What I Learned from Publishing a Book at Seventeen
When my family members ask me what I’ve been up to, I’ve been telling them, “My hand slipped and I published a book. Oops.”
Then they laugh and ask what I’ve really been up to.
But really. I published my first novel exactly a month ago today, after weeks of formatting and editing and screaming. I’m extremely proud of it, despite knowing it’s probably the third worst book ever to exist (behind Twilight and Fifty Shades, of course). It’s my baby and now it’s out in the world, on people’s bookshelves and tablets and their minds. And that means a lot to me.
There is a side to being young and (somewhat) accomplished, like the fact that no one believes me until I pull the book out of my bag and show it to them. I’m pretty sure that for a solid month leading up to my book release, my dad was like, “Suuuure, you’re publishing a book.” And then I did.
And then after they see that you’ve actually written a book, there’s something even worse that comes after: “Oh, sweetie, a young adult novel? That’s nice.” About half of people think it’s adorable that I wrote a book for and about people my own age, as if it isn’t a real genre. But if I wrote a noir murder mystery or a historical drama, I would still be chastised because “I’m too young to know about those things.”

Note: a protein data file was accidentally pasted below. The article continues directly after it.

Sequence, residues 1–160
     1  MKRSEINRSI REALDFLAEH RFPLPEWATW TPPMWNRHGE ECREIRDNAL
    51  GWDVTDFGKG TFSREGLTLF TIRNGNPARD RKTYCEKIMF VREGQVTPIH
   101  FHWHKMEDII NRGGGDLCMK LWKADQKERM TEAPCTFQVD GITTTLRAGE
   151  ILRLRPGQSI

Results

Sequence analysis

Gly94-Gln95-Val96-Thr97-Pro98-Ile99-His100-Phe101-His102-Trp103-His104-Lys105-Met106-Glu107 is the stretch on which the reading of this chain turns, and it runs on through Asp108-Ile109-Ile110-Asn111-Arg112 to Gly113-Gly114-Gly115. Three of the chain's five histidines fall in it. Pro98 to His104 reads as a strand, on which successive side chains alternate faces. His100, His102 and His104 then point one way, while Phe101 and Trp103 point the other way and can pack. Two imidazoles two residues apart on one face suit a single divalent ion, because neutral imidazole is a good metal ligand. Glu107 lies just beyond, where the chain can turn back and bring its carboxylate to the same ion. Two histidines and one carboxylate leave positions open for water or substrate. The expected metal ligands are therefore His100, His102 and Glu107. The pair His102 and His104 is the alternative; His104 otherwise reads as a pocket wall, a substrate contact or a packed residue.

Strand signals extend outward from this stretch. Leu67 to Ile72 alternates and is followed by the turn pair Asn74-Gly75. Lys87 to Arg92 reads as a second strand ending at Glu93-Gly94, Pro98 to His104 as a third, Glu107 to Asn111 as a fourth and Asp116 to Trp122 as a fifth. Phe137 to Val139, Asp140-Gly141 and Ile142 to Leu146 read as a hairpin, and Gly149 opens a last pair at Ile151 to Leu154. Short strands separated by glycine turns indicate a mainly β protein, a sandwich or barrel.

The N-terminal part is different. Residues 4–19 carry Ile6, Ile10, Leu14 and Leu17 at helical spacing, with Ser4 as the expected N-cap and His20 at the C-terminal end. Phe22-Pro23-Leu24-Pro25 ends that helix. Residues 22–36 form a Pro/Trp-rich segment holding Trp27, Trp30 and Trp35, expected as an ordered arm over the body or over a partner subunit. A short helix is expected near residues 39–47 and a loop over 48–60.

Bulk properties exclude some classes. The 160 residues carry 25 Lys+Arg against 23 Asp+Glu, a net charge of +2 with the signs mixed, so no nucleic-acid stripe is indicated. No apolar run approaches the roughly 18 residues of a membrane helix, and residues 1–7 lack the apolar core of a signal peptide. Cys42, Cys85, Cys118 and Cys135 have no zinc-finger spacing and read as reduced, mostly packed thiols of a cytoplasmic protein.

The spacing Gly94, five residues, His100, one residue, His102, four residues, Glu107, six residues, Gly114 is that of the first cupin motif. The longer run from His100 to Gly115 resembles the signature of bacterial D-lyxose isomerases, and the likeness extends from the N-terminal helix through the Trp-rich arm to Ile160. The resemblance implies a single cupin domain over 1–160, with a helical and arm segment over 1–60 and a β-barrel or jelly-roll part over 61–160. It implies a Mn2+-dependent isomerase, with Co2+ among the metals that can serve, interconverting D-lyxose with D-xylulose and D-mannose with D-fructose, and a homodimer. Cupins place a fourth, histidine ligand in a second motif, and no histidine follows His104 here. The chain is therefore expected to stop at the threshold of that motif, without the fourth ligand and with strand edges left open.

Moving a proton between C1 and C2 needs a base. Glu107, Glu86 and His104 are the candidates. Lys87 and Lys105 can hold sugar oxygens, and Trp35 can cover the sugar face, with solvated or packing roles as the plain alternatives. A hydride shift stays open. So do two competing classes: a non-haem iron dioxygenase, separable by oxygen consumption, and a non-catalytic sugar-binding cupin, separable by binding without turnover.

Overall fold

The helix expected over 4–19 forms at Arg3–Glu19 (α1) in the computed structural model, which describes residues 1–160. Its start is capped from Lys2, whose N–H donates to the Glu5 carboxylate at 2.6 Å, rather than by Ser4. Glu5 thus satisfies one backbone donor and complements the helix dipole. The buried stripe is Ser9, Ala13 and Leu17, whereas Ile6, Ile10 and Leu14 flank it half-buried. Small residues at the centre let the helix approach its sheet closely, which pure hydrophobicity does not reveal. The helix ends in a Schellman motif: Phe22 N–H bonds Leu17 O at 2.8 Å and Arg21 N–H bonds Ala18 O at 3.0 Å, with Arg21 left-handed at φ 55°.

Yeah, I’m eighteen. I’m young and pretty stupid sometimes, but writing is one thing I know how to do. So without further ado here’s a rather brief list of the things I’ve learned in the past month:
- Formatting sucks, but there’s no way to get around it. If you self-publish a novel, you will sit in your office for two days straight just trying to get page numbers to behave. You can’t avoid it.
- Editing sucks, but there’s no way to get around that either. You’ll also spend two months in your office proofreading and still find typos in the printed version. It’s awful, but it’ll happen.
- Advertise your book before it comes out. I didn’t learn this until about a week until after my book came out, so I kind of screwed up. Part of that whole ‘young and stupid’ thing.
- Have a book signing and invite all your friends to just stand around in the bookstore. It’s fun bonding time, and crowds draw people in. Plus you’ll probably make money off of it.
- Go to book festivals and hand out your card to anyone who will take it.
- Don’t stand on a street corner and throw your book at people. I’ve learned from experience.
- People aren’t going to believe you when you say you’re publishing a book. Then they’re going to think it’s ‘cute’ no matter what genre you pick. And even after they read it, they’ll tell you all of the things you should’ve done instead of that scene in chapter three. It sucks.
- Find people that don’t do all that stuff in number seven. You probably already have a couple.
- Tell everyone. Don’t be shy. Guy checking out your groceries? Tell him. Lady who cleans your neighbor’s house? Tell her. That ex-boyfriend? Throw it at him. You’ve done something awesome, and you deserve to brag.